The loh mai fun (糯米飯) is another Teluk Anson original. It is glutinous rice served with char siew (叉烧) and/or prawns with a dry curry sauce. The serving in Anson Coffee Shop was very authentic. The aromatic curry and char siew reminded me so much when I was small and used to eat this rice out of newspaper and banana leave packets that used to cost only 10 cents. Served with a bowl of curry and prawns, the loh mai fun here was absolutely delicious.

The bowl of curry noodles may looked a bit odd, but that was how we used to have it in TA. The curry was aromatic and had very little santan (coconut milk). It was served with siew yoke (烧肉, roast pork), see hum (鲜蚶, cockles) and some mint leaves.

The yam cake or woo tau ko (芋头糕) was not extraordinary. It is not a TA specialty. The serving was somewhat small.

The popiah looked rather dry and lonely. There was not enough to go around and I did not have a taste of it.

Finally, we shared a plate of mee jawa. The reason it looked rather messy was that someone had a go at it before I managed to get this picture. Anyway, this was not fantastic. The sauce was too curry-ful. it was also rather dry. In TA there used to be a mamak place called Mastan Ghani. I do not know if it still exists. This place used to serve an awesome mee jawa. The mee jawa here was nothing like Mastan Ghani's.

It's been nearly 10 years now since I made a return to my home town. I missed the chee cheong fun and lo mai fun. Fortunately now there is Anson Coffee Shop. It is like TA coming to me. To those who do not understand what the ga-ga is all about, you should go there and try - at least once. Teluk Anson is still after all, the small town with a big taste.

Saturday, December 25, 2010

Wednesday, December 22, 2010

Fu Kua Restaurant

As a kid, what was the food you detested most? In general most youngster do not like greens. I had my share of hating vegetables. Top on my list was the disgusting bitter gourd or fu kua (苦瓜). I could not understand why anyone would want to eat such a bitter unpalatable thing. But as I grew up, I began to tolerate it and eventually even liking the "pleasant" bitter flavor. I am sure most kids, past and present, share my disgust for this gourd. Some perhaps carry this hatred right up to adulthood.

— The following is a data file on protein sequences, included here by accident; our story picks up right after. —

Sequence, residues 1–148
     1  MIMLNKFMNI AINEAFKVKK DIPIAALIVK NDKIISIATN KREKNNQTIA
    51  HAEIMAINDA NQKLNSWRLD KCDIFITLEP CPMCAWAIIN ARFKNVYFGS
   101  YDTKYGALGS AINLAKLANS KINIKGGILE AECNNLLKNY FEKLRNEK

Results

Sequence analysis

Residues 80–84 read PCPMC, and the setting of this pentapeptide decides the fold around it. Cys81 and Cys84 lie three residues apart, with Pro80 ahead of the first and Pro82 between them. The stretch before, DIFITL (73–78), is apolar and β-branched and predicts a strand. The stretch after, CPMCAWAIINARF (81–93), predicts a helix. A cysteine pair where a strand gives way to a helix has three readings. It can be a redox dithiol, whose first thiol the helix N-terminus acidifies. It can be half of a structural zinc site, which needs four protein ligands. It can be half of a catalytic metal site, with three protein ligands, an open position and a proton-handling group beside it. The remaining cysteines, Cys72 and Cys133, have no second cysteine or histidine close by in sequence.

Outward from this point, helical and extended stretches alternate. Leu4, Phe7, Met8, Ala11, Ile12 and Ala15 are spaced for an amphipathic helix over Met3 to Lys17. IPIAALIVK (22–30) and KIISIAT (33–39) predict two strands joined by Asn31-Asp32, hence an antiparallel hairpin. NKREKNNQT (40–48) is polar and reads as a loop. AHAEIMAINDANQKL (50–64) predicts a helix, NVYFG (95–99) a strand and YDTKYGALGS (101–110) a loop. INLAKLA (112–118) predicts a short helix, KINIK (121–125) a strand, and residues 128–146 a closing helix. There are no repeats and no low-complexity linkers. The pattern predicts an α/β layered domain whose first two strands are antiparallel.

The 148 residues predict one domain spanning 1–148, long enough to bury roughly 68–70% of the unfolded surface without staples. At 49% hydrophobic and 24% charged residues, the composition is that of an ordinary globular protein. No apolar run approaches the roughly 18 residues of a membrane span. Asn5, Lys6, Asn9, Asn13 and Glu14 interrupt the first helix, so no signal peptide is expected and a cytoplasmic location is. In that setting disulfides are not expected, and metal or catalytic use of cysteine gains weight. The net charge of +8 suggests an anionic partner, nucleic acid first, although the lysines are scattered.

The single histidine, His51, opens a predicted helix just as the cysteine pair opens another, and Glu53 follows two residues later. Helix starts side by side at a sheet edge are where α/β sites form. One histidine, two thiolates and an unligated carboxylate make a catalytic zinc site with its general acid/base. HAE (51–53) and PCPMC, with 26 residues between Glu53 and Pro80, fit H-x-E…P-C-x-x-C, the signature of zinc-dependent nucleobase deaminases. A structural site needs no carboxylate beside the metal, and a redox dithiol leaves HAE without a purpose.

So, how do you fancy a restaurant that centres on bitter gourd? There is one in PJ, Taman SEA. The name of the shop is Restoran Fu Kua (苦瓜潮州菜馆 - translated as Bitter Gourd Teochew Restaurant). It is located on 19, Jalan SS23/15 - co-ordinates N3 06.931 E101 36.748.

In spite of the infamous gourd that it specializes on, it is really quite popular. The restaurant occupies 2 shop lots - one is air-conditioned and in the other, you have to sweat a little. The decor, from the wall to the tables and chairs, are in yellow and green - the colour of bitter gourd. There are tables spilling to the 5-foot walkway and even to the road. On the day we were there, the air conditioned section was full and we had to settle to being fan cooled.

The restaurant has a dazzling selection of bitter gourd servings. They have bitter gourd cooked with chicken, fish, beef, pork, venison, seafood and so on and so on. The selection is displayed on a huge board on the wall. For people who cannot stand the taste of bitter gourd and who have been dragged along by their parents, spouses or friends, mercifully they also have a good selection of non bitter gourd dishes. The menu printed on yellow cards, was so compact with so much selections; it was too difficult to read and absorb. I had to put it down and asked the waiting lady for her recommendations.

The place is famous for it bitter gourd soup (苦瓜汤). So we naturally had to have that. It turned out to look like any bitter gourd soup. But it tasted very good. There were pieces of pork in the soup that were smooth and tender. The soup had the tingling bitter flavor that I liked very much. Highly recommended.

Next was the bitter gourd omelet. I had tried making this omelet at home but it did not turn up to be good. The bitter gourd omelet in this restaurant had a very nice bitter taste.

Our daughter was one who was dragged there. So we ordered a venison in black pepper for her. The meat was very tender. The black pepper sauce was good. We liked it.

Our final dish was a red snapper steamed with choy po (菜甫). It is apparently a Teochew preparation. The choy po was chopped into tiny bits. I had never tried fish steamed with choy po. And I did not quite like it. I found the choy po too strong for the fish. The dish was also too salty. We should had order a plain steam instead.

The o-ni (芋泥 - Teochew yam paste) we had for dessert was rather different from those we had in other places. It was water based rather than oil. O-ni in most places are cooked in a lot of oil but here, it was cooked in a watery sugar syrup. It had some some gingko and a reddish (I believe was pumpkin) condiment on the surface. It wasn't bad. Perhaps the oily o-ni tasted better. Still, after a meal some thing sweet was welcome. 

The meal was rather pleasant. It certainly wasn't a nightmare. Unfortunately there were only 3 of us, and our daughter was not a fu kua fan. So we did not get to taste many of their bitter gourd dishes. Perhaps next time. I will have to get a few bitter gourd die-hards and have a fu kua orgy.

Friday, December 17, 2010

Chan Sow Lin Fish Head

I had often heard about the famous Chan Sow Lin steamed fish head. But I had never got to taste it. To start with, I had no idea where was Jalan Chan Sow Lin. I googled "Chan Sow Lin fish head" and there were so many makan shops claiming to serve the original CSL fish head - especially around Jalan Chan Sow Lin and Sungei Besi area - that it was hard to tell where to get the authentic one.